Equine

Horsemanship acknowledged

By Country News

Take a brumby, and be allowed 150 days to break it in.

Train every day for multiple hours, preparing for a competition.

Then, when you get there, you find yourself unwell — and the challenge to compete suddenly becomes even greater.

But animals know when their friends need help.

Gunbower’s Shaniah Dye was about to find this out first-hand.

‘‘I’d spent 150 days training Ariat, so to get unwell when I got there was very disappointing,’’ Shaniah said.

It was day two of the four-day Australian Brumby Challenge, where trainers from across the country showed off their skills after taming a brumby.

‘‘I woke up for day two and I felt flat. I was really sick and I knew that was going to be a serious challenge for me, as well as for Ariat.’’

Unfortunately, Ariat didn’t have great past form in such a situation.

‘‘If I wasn’t 100 per cent when I was training, he could be a little difficult. He’d see the opportunity to take advantage of the situation, and be the more dominant member of the relationship.’’

But when she went to perform on day two, something was different.

Ariat knew exactly what was going on. But this time, his goal was to protect his ‘mum’ (Shaniah).

‘‘He could sense that on this occasion he needed to lead me through the situation, and for him to do that wasn’t going to be easy,’’ Shaniah said.

They had to deal with a dressage test, something trainer and horse were unfamiliar with.

But Ariat was calm and performed exactly how he needed to, and took Shaniah along for the ride — both figuratively and literally.

‘‘He was so good on the day,’’ she said.

‘‘When the competition was over for the section I burst out crying, I was so proud of what he had done on the day.’’

This was day two of a competition that had involved a number of obstacles, and showing off how calm Ariat was under the pressure of competition.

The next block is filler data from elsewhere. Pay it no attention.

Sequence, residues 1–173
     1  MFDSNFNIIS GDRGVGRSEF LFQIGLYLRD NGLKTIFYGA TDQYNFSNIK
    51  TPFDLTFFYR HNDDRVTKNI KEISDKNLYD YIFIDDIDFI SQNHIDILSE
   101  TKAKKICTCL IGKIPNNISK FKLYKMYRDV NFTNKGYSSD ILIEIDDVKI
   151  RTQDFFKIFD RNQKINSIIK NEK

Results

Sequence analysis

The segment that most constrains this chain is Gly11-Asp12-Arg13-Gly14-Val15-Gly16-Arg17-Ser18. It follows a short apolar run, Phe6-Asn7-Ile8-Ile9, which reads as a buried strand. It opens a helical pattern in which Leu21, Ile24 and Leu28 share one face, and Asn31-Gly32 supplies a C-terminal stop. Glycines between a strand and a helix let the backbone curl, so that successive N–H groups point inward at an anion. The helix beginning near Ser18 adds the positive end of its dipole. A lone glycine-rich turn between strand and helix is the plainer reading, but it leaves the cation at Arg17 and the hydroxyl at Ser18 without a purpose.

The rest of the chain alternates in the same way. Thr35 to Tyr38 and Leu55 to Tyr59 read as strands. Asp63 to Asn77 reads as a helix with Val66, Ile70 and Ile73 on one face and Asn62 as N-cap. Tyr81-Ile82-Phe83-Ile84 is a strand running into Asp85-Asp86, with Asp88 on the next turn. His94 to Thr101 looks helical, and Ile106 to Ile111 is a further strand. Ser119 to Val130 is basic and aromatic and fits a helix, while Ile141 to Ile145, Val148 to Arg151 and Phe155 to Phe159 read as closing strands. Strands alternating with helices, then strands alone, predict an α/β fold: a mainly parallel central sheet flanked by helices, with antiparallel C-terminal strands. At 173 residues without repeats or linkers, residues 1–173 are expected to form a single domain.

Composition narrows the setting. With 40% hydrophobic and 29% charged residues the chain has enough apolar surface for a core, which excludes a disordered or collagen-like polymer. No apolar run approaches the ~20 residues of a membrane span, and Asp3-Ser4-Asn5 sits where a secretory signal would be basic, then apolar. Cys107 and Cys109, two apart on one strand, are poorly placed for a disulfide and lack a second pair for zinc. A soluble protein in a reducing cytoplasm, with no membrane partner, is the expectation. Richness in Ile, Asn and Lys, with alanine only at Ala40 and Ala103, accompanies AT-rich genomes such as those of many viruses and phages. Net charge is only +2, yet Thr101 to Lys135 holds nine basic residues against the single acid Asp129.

On the third and final day, Shaniah was not confident; she was still unwell and was heading into a freestyle performance.

‘‘I knew the song, I knew the routine, but we hadn’t practised properly so I decided we would just do what came naturally.’’

From the first movement, Ariat had different ideas about what to do. But they made it work together.

‘‘I was able to do things I didn’t think I could,’’ Shaniah said.

‘‘I stood up on him, which I’d not done before. It was a magical moment for both of us.’’

At the end of the event, the tears were back — for everyone.

‘‘My whole family, my support team, we were all in tears and so proud of what we had all achieved.

‘‘Grown men and women all together crying, I have no doubt it looked pretty weird from the outside,’’ Shaniah said with a laugh.

At the end of the event, Shaniah was awarded the Judges’ Choice Award for horsemanship for the event from judge Vicki Wilson, a former competitor whom Shaniah had idolised.

‘‘I didn’t think I was any chance,’’ Shaniah said.

‘‘I was off in my own world and then I heard my name. I think it took another 30 seconds for it to even register in my head that it was me.’’

Now the only thing left for the pair is to relax and enjoy the spoils of their hard work.

—Andrew Johnston